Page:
Before applications were incorporated in cell phones, there were only software applications on computers.  This week’s reading, “The Cathedral and the Bazaar”  and Smart Mobs, opened my eyes to the way computers were meant to be.  Like many people, I was afraid of open-source software like Linux and Firefox.  After becoming familiar with Microsoft, it just didn’t seem natural for everyone to be able to go in and change stuff, but in actuality, the originators of computer systems (also known as hackers) intended for people to work collaboratively to build more perfect applications.  However, along came people like Bill Gates, who showed the world the unimaginable income potential that the computers could provide, and naturally, the priorities changed.  Eric S. Raymond, author of “The Cathedral and the Bazaar” surprisingly mentions that he’s not opposed to “software hoarding,” but after reading Rheingold’s book, I can’t help but feel a little differently toward Microsoft.  I guess I can’t fault Bill Gates.  I would have made the same decision… play nice or become a billionaire?  Raymond discusses open-source versus closed-source software mainly in regard to his development of fetchmail.  Development of open-source software is obviously a labor of love project.  Contributors are typically volunteers who believe in the original software, but feel they can improve its ability to function.  Open-source software is dependent on their passion, which typically makes the application especially useful since it is created by genuinely interested developers/users versus developers who simply want a paycheck.  Of course the downside is if the developers lose interest, the application stops evolving.  The author believes that in the end open-source software will triumph, and I guess this depends on your personal definition of triumph.  If you are referring to making the better product, I totally agree, but if you are referring to becoming a billionaire, I would have to go with Microsoft’s blueprint.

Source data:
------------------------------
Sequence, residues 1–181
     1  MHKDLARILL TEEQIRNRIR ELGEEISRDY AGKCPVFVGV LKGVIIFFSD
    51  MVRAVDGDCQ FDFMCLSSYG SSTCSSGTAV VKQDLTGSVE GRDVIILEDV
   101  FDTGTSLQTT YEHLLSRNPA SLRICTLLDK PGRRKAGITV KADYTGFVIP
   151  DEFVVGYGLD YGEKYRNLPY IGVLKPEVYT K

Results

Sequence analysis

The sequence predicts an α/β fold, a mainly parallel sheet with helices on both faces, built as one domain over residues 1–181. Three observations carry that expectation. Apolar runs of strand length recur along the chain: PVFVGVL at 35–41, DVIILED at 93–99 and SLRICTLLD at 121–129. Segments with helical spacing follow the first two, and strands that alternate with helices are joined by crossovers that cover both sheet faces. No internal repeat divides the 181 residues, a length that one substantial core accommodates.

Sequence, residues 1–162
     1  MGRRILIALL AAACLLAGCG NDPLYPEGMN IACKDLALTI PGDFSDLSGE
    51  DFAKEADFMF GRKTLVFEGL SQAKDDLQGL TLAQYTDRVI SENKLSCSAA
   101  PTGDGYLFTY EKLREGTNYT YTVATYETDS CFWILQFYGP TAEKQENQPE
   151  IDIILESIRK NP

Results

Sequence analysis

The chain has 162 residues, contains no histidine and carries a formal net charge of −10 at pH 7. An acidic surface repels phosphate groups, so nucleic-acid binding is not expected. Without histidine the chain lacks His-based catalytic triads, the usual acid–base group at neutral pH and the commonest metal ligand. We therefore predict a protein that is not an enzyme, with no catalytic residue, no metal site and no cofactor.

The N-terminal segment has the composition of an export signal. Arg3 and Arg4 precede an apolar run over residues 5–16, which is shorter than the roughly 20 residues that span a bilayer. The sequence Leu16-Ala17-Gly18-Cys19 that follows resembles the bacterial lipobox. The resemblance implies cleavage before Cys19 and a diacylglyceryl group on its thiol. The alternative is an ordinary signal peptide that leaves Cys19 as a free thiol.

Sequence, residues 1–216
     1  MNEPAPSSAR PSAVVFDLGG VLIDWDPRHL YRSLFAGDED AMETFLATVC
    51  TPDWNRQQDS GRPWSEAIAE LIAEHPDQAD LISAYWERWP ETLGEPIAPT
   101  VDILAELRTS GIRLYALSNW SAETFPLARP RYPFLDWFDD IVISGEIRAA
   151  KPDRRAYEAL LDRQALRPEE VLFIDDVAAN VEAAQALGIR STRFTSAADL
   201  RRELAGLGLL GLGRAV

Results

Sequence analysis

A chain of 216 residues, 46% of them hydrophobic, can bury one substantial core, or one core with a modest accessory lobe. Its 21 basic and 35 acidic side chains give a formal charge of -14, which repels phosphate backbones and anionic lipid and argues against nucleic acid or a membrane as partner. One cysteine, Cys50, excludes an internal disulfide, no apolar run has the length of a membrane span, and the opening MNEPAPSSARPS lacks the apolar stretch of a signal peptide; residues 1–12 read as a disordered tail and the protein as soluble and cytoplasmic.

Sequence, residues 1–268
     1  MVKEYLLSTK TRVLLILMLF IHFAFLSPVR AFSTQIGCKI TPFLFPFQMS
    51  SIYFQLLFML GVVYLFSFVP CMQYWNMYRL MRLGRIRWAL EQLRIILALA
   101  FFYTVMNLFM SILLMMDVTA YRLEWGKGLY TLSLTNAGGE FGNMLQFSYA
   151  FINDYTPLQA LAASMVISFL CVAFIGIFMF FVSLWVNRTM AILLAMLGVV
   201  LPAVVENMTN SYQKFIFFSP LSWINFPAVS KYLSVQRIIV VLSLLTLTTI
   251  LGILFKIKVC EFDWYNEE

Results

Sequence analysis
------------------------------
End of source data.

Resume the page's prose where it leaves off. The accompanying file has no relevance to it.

After the development of computers came the Internet, which is arguably the most important aspect of modern-day technology.  The Internet evolved from computers linked together in one room to computers that communicated with nearby campuses to computers that connect to the each other all over the world.  Linking to other computers, which is referred to as peer-to-peer networking, first started to obtain additional power from computers that weren’t in use.  I am still not totally clear on how peer-to-peer networks operate, but after reading The Search last week, I assume they must carry some of the same principles as search engines.  This innovation played a key role in the development of Search for Extraterrestrial Intelligence (SETI), climate change projects, and health research.  It also led to file-sharing networks, which continue to spark controversy.  Napster is of course the name that most often comes to mind when referring to file sharing, and although they were the mastermind behind an unbelievable amount of copyright violations, they have now accepted the terms set by the Recording Industry Association of America (RIAA) and are providing a legal file-sharing service to its users.  Peer-to-peer networks expose the Web’s biggest asset, which is the ability to share resources and information, and its biggest downfall, which is the inability to monitor the transmittal of information that for any number of reasons should not be shared.